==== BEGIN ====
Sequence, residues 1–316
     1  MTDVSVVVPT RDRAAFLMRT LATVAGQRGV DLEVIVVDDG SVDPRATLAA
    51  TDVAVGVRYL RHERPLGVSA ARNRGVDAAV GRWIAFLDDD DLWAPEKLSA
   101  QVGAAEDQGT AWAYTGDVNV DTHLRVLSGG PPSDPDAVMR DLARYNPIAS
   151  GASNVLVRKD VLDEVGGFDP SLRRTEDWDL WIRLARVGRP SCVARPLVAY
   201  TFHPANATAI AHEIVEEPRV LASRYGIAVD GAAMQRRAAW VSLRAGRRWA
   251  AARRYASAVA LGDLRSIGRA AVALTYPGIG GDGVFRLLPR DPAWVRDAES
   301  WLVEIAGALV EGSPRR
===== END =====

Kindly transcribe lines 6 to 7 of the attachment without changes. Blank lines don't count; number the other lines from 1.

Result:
   201  TFHPANATAI AHEIVEEPRV LASRYGIAVD GAAMQRRAAW VSLRAGRRWA
   251  AARRYASAVA LGDLRSIGRA AVALTYPGIG GDGVFRLLPR DPAWVRDAES